I recently read that a Hollywood producer is talking to Dallas pastor Ed Young Jr., about creating a reality show centered on his family—sort of a “Keeping Up with the Kardashians” without all the adultery, divorce and NBA stars.

Ed’s a good guy, an effective preacher and a creative genius (and one of our contributing editors), so if Hollywood wants to put him and his family in prime time, I can think of a lot worse subjects. (At least it would put on display a lot more positive example than the spiritual train wreck that composes “Preachers of L.A.”)

The problem is with the whole notion of reality shows. They aren’t that real. Ed Young—with a nice upscale suburban Dallas home and a congregation of 20,000 people—is not the typical American pastor (no more so than Willie Robertson and his clan are typical Louisiana good old boys). TV doesn’t look for real reality in its programming—after all, if most of us live out reality day after day, why would we want to watch it on TV?

If Hollywood wants to create a show about a real-life pastor’s family, just come on down to any small town in America and pick your pastor. Chances are, he’s not that good looking, and he’s a little chunky around the middle—no skinny jeans for him, thank goodness—and he’s probably preaching to a congregation of 200 rather than 20,000. He’s not all that fashionable—that JCPenney suit is beginning to show some wear after four years of regular use—and he’s worried about how he’s going to put his three kids through college on a modest pastor’s salary.

Just imagine that some producer did create a series called “Preachers of Main Street.” Your stars might be Bob, the 50-year-old veteran pastor of old First Baptist Church; Pat, the 43-year-old pastor of Main Street Bible Church; and Tommy, that flashy young 28-year-old, who just came to Community Pentecostal Church. I’ll guarantee there will be a lot more time spent filming at that Pentecostal church—watching people clap and raise their hands and get slain in the Spirit will be a lot more interesting to see than watching those Baptist ushers passing the plates or the deacons grabbing a last-minute smoke on the back steps before the 11 a.m. service gets underway.

Can’t you just see that episode where Bob meets with the finance committee to discuss how to pay for the new air-conditioning unit to replace the one that went bad? Pat is sitting with an 80-year-old church member in the last days of a battle with cancer, quietly reading Scripture and praying for this elderly saint. Then there’s Tommy, trying to plan a spectacular Easter event on a budget of $150. That may not make for great reality TV, but it sure is reality in the lives of typical pastors.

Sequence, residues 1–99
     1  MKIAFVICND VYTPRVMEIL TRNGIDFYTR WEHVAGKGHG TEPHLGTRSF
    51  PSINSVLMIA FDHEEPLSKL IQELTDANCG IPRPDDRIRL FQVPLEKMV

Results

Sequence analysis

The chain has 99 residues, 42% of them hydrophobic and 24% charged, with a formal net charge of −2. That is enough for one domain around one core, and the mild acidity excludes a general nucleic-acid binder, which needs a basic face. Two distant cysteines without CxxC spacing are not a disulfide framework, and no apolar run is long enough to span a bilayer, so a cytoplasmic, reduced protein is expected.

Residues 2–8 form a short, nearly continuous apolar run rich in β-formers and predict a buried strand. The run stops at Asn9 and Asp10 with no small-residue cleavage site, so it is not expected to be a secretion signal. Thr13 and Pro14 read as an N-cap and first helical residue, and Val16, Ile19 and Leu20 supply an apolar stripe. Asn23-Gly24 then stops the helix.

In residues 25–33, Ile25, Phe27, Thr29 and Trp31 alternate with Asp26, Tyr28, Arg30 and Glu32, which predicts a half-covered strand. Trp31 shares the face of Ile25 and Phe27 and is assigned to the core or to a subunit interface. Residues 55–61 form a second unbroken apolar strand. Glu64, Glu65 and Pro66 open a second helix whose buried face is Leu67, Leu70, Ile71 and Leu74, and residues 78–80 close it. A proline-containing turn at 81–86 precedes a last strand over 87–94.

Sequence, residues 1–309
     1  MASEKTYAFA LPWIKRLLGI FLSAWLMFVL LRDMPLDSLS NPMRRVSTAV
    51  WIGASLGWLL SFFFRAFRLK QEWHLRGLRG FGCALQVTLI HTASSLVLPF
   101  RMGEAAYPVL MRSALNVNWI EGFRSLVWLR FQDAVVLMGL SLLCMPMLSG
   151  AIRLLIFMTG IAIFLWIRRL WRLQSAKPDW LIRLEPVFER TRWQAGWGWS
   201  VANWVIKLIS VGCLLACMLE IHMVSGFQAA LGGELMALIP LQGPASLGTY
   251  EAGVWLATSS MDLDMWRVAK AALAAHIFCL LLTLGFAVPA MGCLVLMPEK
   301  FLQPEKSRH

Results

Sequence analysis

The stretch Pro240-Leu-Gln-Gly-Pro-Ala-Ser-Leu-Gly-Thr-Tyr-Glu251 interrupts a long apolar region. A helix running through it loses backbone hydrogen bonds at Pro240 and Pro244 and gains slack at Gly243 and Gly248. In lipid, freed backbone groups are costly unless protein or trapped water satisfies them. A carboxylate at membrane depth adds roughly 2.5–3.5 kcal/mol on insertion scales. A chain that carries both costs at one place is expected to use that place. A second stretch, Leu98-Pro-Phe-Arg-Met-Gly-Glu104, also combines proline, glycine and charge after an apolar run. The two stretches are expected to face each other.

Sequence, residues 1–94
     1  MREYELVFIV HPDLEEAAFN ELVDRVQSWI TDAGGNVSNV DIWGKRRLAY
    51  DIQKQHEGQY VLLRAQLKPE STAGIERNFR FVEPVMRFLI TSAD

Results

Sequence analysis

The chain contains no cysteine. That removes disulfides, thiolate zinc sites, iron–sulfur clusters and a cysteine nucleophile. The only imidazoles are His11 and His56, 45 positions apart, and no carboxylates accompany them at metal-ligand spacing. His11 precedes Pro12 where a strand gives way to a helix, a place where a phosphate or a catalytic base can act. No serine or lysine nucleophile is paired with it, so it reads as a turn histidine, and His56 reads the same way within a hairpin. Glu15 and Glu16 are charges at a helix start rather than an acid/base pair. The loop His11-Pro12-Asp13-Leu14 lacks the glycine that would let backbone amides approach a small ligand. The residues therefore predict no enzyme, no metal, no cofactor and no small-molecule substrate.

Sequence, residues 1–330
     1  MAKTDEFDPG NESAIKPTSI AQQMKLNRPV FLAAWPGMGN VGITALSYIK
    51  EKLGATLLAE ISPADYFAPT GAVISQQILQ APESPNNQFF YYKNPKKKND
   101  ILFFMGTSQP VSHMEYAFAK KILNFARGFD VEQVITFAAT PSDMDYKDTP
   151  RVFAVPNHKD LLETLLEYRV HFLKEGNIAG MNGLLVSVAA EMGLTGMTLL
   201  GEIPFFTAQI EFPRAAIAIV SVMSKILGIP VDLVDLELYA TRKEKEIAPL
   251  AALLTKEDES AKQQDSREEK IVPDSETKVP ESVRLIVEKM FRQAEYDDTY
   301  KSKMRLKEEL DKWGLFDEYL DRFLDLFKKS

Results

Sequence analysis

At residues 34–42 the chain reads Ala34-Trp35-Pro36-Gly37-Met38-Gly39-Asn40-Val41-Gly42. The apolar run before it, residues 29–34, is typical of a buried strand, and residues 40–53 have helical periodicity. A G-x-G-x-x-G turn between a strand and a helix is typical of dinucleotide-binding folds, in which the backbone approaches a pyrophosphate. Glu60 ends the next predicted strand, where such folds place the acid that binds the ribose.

Then again, despite all the challenges pastors face in real life, there’s also something immensely satisfying about living out God’s call in your life, having the chance to impact lives for the better, be part of guiding folks toward an eternity with the Father. That reality may not make for great TV, but it can make for a great life.

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About The Author

Michael Duduit is the founding publisher and editor of Preaching magazine. He is also the founding Dean of the new College of Christian Studies and Professor of Christian Ministry at Anderson University in Anderson, South Carolina. Michael is author and editor of several books, including the Handbook of Contemporary Preaching (Broadman & Holman Press), Joy in Ministry (Baker Books), Preaching With Power (Baker) and Communicate With Power (Baker). From 1996 until 2000 he served as editor of the Abingdon Preaching Annual series. His email newsletter, PreachingNow, is read each week by more than 40,000 pastors and church leaders in the U.S. and around the world. He is founder and director of the National Conference on Preaching and the International Congress on Preaching, which has been held in 1997 at Westminster Chapel in London, 2002 at the University of Edinburgh, Scotland, and 2007at Cambridge. He has been a pastor and associate pastor, has served a number of churches as interim pastor, and speaks regularly for churches, colleges and conferences.

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